Staffs industrial steam preservation
10 October 2004
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The Foxfield railway is an unusual little setup in the rolling Staffordshire countryside near Blythe Bridge. Unusual in a number of ways - including its fearsome gradients, its large stock of ex-industrial steam and diesel locomotives, several of which are unique and historically significant - and the fact that the line was never part of the BR network, and never carried regular passenger services. Pride of place must go to three locomotives built in the 19th century - Bellerophon, built in 1874 at Haydock Foundry, Beyer Peacock 1827 of 1879, and No. 6, built by Robert Heath in 1885. But don't forget the others - for example the two crane tanks, both very different, or the most unusual little Kerr Stuart saddle tank (no. 4388 of 1926) which looks for all the world as though it was built to 2' gauge and then grew until it fitted the standard gauge. My wife, looking at it, suggested that its saddle tank had shrunk in the wash. I think I knew what she meant. Some of the diesels are worth a second glance - especially the Kerr Stuart 6wDM no. 4421 of 1929, a representative of that company's desperate attempts to stay afloat in the dark days of the depression.
Geoff’s Rail Diaries
Today's locomotive in steam was "Hawarden", a chunky and powerful 0-4- 0ST built in 1940 by Bagnalls of Stafford, works no. 2623. We took a ride along the pleasantly scenic route to Dilhorne Park, where the train runs round before returning to the line's HQ at Caverswall Road. Beyond Dilhorne Park, the line descends one of those gradients mentioned earlier to the former Foxfield Colliery, a short section of track which does not see regular passenger traffic yet. On our previous visit, perhaps ten years ago, a little Barclay 0-4- 0ST had struggled noisily to get its two-coach train up to Dilhorne. Hawarden seemed to make light work of what was probably a heavier train of two ex-BR Mk II coaches, in the attractive if somewhat non-authentic early BR maroon and cream livery. Yet another pleasant little outing to a line which, despite its relative seniority in the preservation field, still has some potential. Link: Foxfield Railway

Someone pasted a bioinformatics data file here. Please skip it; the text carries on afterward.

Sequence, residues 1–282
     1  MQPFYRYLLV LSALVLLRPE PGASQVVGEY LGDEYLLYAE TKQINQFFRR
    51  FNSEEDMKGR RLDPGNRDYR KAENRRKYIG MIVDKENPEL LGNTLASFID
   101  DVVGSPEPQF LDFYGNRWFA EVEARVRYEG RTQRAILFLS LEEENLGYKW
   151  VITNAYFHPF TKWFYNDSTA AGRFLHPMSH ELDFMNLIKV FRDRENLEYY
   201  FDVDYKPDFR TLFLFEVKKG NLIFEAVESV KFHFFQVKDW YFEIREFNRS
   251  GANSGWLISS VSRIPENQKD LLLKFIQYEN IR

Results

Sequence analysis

In the shed - Moss Bay KS4167 of 1920 Bellerophon - Haydock Foundry "C" of 1874 The Kerr Stuart diesel 4421 of 1929 Lewisham (WB2221 of 1927) and Roker (RSHN 7006 of 1940) Wimblebury HE3839 of 1956 Ancient locos - BP1827 of 1879 and Heath of 1885 That unusual little Kerr Stuart 4388 of 1926 Hawarden arrives at Caverswall Road WD 820 (AKA WD 123) Bg/DC of 1941 Hawarden runs round at Dilhorne Park Steam in the woods - Hawarden at Dilhorne Park Ready to depart from Dilhorne Park Cab action